French Roots: Amiens - 1568

Earliest links to France

The first Bellingan birth I have found, confirmed as an ancestor, is in 1568 in Amiens, France, that of Florent Bellingan. The latinised version of his given name is Floris/Florus, a name passed down to many Bellingans to this day.

What is curious, is that when Florent's son Noach (1618-1691) starts recording all the details of the family history in the family bible, he never mentions the name of his mother, father or grandparents. He records the death of his mother on 16th January 1648 (most likely near Zaltbommel, Gelderland, Netherlands), and that his father who (following his wife's death?) at the age of 80 travelled to Amiens to find the brother he had left behind in France. Florent died on that trip to Amiens in 1648, and whether or not he found his brother, we don't know. There were several bouts of Plague in Amiens between 1631 and 1668, so it is possible Florent was a victim of that, or just old age.
(See the section on events in France around Florent's lifetime).

Noach notes that he was told his father had fled Amiens because of his religion.
It is Wouter Noach, who adds that he had seen an attestation from 1646, that noted the name Florent Bellingan, who was then living in Zaltbommel.

With no mention by Noach of his parents names, dates of birth etc, we have almost no information on the family tree before them.

Possible links or coincidences

The name Bellingan is now very uncommon in France judging by the phone directories, although there are several with the name Bellegarde, Belingand, and Bellingant is an old name from Bretagne in the North West (Manoir de Kerbabu, Lanillis, Bretagne).

Searching through old documents, the names Bellingan or Belingan and de Bellingan or de Belingan do come up and a few are listed at the bottom of this page.

France in the time of Florent Bellingan

What we do know is that life in Northern France, and much of Europe, was not peaceful in those times. Henri IV, who lived from 1553-1610, had been a Protestant and his court was filled with Huguenots. This had been a frequent source of aggravation to the Catholic majority in France.

Henri IV was King of Navarre from 1572-1610, and then following Henri III's murder by a Catholic fanatic, Jacques Clément, in 1589, he became Henri IV of France from 1589-1610. He too was murdered by a Catholic fanatic, Francois Ravaillac, and each of these events provoked problems of succession and religious violence.

This religious strife along with several international wars that took place at various times during the period, led to economic dislocation and all of these factors exacerbated the effects of famine and plague.

Timeline in France around the birthdate of Florent Bellingan (which was 1568):

  • 1515: Francis I - Reign begins
  • 1533: First public preaching of Calvinism in Amiens
  • 1534: 17 October - Affaire of the Placards - notices appear  in city streets against Papal Mass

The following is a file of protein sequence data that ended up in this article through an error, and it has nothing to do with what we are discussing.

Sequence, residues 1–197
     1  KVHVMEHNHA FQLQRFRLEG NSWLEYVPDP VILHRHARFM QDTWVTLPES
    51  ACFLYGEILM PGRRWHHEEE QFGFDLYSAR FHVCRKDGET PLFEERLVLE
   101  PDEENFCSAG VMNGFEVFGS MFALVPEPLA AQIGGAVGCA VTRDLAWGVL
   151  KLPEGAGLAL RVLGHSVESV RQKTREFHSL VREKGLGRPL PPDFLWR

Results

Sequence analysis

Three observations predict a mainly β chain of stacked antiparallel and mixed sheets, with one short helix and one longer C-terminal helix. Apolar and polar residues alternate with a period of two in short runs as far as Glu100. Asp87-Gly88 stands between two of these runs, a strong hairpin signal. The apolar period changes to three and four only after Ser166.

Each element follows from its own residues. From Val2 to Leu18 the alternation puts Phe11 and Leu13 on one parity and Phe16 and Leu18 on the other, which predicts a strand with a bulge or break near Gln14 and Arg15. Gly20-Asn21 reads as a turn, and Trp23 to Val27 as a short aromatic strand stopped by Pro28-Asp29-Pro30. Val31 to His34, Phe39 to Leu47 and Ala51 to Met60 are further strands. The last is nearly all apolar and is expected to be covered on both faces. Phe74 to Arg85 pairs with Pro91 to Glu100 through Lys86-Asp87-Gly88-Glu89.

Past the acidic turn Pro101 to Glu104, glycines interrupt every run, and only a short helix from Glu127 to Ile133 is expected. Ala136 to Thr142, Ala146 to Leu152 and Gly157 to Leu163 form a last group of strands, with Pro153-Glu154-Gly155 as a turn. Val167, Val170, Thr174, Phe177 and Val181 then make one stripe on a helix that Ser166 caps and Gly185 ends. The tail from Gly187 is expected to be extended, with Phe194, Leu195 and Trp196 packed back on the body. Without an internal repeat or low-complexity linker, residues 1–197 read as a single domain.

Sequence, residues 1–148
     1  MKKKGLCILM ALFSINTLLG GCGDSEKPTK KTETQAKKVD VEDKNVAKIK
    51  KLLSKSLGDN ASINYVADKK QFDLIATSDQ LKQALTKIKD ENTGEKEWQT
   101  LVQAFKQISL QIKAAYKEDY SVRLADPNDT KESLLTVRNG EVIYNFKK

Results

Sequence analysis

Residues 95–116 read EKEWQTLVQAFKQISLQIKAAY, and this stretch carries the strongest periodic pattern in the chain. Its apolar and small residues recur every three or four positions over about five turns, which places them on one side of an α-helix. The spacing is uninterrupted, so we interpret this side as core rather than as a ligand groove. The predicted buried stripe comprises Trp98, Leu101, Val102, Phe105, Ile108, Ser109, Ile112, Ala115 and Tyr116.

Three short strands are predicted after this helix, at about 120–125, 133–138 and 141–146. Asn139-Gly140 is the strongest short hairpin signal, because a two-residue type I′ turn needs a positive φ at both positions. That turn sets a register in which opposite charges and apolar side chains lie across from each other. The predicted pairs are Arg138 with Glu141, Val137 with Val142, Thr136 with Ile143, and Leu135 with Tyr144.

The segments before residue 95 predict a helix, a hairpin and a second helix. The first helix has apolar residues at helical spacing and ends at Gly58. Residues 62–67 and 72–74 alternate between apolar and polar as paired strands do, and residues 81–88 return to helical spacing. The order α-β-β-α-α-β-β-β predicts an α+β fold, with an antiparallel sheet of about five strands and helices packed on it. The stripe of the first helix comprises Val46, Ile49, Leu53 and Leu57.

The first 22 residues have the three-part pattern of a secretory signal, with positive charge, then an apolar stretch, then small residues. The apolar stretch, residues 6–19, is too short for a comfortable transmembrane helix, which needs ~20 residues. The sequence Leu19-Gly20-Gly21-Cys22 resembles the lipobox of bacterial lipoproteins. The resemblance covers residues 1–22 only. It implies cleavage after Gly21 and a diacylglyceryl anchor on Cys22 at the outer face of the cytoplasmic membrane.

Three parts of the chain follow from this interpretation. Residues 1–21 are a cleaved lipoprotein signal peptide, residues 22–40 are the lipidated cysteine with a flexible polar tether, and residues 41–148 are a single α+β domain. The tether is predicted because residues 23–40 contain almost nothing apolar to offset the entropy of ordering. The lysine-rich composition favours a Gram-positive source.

• 1534: Persecution of Protestants starts in Amiens
  • 1547: Francis I - Died of natural causes
  • 1547: Henri II - Reign begins
  • 1559: Henri II - Died in a jousting accident
  • 1559: Francis II - Reign begins (1559-1560: Catherine de Medici chose uncles to rule)
  • 1560: Francis II - Died age 16 possibly of natural causes
  • 1560: Charles IX - Reign begins (1560-1563: Catherine de Medici as Regent)
  • 1561: Amiens Protestant aldermen in majority. Protestants become eighth of population during 60s
  • 1562: 1 Mar.- Massacre de Vassy. 63 Huguenots killed by the Duc de Guise forces
  • 1562: Famine
  • 1568: Creation of the Catholic League to stop the spread of Protestantism.
  • 1568: 23 March - Edict of Longjumeau which granted freedoms to the Huguenots
  • 1568: Easter - Massacre in Amiens of Huguenots
  • 1572: 24 Aug. - St Bartholomew's Day massacre of 5,000-30,000 Huguenots
  • 1574: Charles IX - Died of tuberculosis
  • 1574: Henri III - Reign begins
  • 1576: Duc de Guise declares Paris a Catholic League town.
  • 1577: 14 Sept. - Treaty of Bergerac signed to allow religious choice
  • 1585: 18 July - Treaty of Nemours takes away right to Protestant worship
  • 1587: Plague in Amiens
  • 1588: 20 May - Amiens declares itself a Catholic League town
  • 1589: Henri III - Assassinated by Catholic fanatic Jacques Clément
  • 1589: Henri IV - Reign begins
  • 1594: Leaguers lose out to Royalists in Amiens
  • 1596: Plague in Amiens
  • 1597: 11 March - Spanish seize Amiens.
  • 1597: 25 Sept. - Spanish surrender Amiens.
  • 1597: 18 Nov. - Amiens punished for becoming League town. Under royal rule. No mayor.
  • 1598: Edict of Nantes. Henri IV granted Calvinist Protestants substantial rights in France
  • 1610: Henri IV - Assassinated by Catholic fanatic Francois Ravaillac
  • 1610: Louis XIII - Reign begins (1610-1617: Marie de Medici as Regent)
  • 1618-1648: Thirty Years War. Northern France invaded by Spain July 1636
  • 1631-1668: Plague in Amiens
  • 1643: Louis XIII - Died of tuberculosis
  • 1643: Louis XIV - Reign begins (1643-1651: Queen Anne of Austria as Regent)
  • 1648: Between May and October treaty of Westphalia ends Thirty Years War
  • 1665: Bishop of Amiens succeeds in closing Protestant temple of Saleux
  • 1685: Edict of Fontainebleau, Louis XIV revokes the Edict of Nantes.
  • 1700: In Amiens, it is noted that there are no longer any Protestant textile businesses or workers.